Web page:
July 24, 2016

Mostly cloudy

It’s delicate work while cutting in class

GUILFORD TWP. — Glass and solder. You might not think two such simple components could add up to endless possibilities, but when it comes to the art of stained glass, they do.

Of course, it helps to add a third ingredient, which is know-how, and that’s where Brian Hewit comes in. He’s been offering stained glass classes to students from all over northern Ohio for 16 years.

Hewit, 48, got hooked on it himself after taking an adult education class at the Medina County Career Center 26 years ago. First he tried a class in upholstery. That didn’t work out so well.

“Me and sewing machines don’t get along,” he said with a laugh.

Nancy Mayes of Montville Township grinds the edge of a piece of Nancy Mayes of Montville Township grinds the edge of a glass piece to fit in a stained glass lampshade she’s making as a gift. (John Gladden / Gazette)

But there was something about stained glass that clicked. Newly retired from the Career Center after 30 years of service in the custodial maintenance department, Hewit has more time to devote to teaching and to his own glass projects.

He holds classes at the Career Center, at his home outside Seville, and in Lakeside, Ohio. He’ll host an annual open house at his home studio in November, where he also makes candles.

On a recent fall Saturday, three of Hewit’s students gathered in his downstairs workshop to cut, solder and create.

“The problem is the glass is addictive,” said Nancy Mayes of Montville Township, who’s been taking classes since 1995. “There are just so many types of glass. That’s just fuel for the fire.”

Mayes was at work on two projects. The first is a garden stepping stone featuring a stained glass Highland Hornet. When finished, the stone will go into a raffle to benefit the football team. Her other project is a stained glass lampshade, a gift to her niece for a baby’s room. Mayes is using stained glass colors that complement the nursery décor.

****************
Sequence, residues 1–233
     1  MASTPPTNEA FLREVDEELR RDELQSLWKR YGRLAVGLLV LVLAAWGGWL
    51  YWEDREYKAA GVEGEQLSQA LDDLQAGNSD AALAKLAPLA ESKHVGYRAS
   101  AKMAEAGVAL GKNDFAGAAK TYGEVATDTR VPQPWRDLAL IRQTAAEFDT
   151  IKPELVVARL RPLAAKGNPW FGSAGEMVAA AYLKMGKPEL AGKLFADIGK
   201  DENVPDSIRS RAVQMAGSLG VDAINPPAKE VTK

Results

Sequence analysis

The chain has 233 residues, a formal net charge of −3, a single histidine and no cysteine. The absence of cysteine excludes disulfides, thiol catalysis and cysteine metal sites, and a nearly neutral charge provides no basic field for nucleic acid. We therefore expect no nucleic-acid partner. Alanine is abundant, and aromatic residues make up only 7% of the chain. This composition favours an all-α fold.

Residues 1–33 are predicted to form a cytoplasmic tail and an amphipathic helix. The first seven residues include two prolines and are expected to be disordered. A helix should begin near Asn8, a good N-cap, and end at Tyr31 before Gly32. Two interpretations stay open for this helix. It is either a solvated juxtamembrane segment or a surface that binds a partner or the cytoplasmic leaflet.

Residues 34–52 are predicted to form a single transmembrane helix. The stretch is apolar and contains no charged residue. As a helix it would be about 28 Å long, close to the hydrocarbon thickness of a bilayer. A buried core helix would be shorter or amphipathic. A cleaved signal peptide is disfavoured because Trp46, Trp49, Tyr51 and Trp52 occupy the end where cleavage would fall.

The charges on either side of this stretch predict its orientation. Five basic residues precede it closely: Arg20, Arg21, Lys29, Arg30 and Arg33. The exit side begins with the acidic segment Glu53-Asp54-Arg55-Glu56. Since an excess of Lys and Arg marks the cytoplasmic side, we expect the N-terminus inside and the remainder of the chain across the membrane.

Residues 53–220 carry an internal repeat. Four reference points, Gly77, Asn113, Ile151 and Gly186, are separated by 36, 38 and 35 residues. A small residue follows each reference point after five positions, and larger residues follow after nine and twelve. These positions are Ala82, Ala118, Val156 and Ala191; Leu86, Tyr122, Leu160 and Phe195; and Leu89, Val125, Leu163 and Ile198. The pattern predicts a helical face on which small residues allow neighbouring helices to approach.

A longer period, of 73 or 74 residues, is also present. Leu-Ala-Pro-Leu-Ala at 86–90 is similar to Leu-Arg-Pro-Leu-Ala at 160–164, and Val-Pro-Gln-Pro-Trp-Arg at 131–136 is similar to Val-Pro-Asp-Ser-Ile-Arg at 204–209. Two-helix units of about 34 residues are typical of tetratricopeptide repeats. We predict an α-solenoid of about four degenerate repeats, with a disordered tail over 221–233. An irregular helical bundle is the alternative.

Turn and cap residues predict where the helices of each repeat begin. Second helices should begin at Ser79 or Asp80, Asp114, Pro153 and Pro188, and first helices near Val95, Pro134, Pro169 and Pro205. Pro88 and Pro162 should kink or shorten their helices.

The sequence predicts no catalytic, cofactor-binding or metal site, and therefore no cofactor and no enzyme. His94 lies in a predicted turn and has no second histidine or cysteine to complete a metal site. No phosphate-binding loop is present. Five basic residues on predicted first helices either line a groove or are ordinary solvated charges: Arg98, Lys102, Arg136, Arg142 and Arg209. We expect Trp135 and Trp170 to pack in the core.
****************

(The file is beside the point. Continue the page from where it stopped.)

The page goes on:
“To have the ability to customize gifts for family and friends, that’s fun,” she said.

“That’s something you can’t buy in a store,” Hewit added.

Students typically start with an idea from pattern books he keeps on hand, or they may bring their own designs. Projects over the years have included angels, nightlights, candleholders, picture frames, lanterns, ornaments, sun catchers and glass beads. Some students have made stained glass windows for their homes.

“It’s fascinating for me to see all the projects they come up with,” said Hewit.

Each shape in the design is transferred to a piece of glass from the library of stained glass Hewit stocks in his workshop. The lines are traced with a scoring tool and the glass snaps neatly in two.

Cutting glass for the first time can be intimidating. But with the right tools, which Hewit supplies, it’s pretty simple.

“Once you get the glass cutter in their hand, and they break the glass successfully, then they feel more confident,” Hewit said.

After cutting, the edges of each piece of glass are fine-tuned with a small diamond-wheel grinder.

Fitting her lampshade’s stained glass shapes together like a jigsaw puzzle, Mayes turned to a grinder to shave just a little more from one edge.

“You don’t want to take off too much,” she said. “You can always take off more, but you can’t add.”

After a quick run past the grinder wheel, Mayes put last piece in place.
“See, I just took a little bit off and it fits perfectly,” she said.

Next, the edges of each piece of glass are lined with foil tape. It gives the solder something to stick to when it’s time to attach all the pieces together.

Nancy Baldwin of Medina, who also has been taking classes since 1995, has made more than 60 kaleidoscopes. It’s rewarding, she said.

“When you’re done, it’s so nice,” said Baldwin.

Assembling a glass box, Kathi Slayton from Copley said she never thought she’d be able to do stained glass. That was five years ago. Now she’s got her own workshop at home, but she still comes to Hewit’s classes for the camaraderie and to discover new things.

“The challenge of it, as well as the variety, is what hooks you,” Slayton said.

Contact John Gladden at gladden@ohio.net.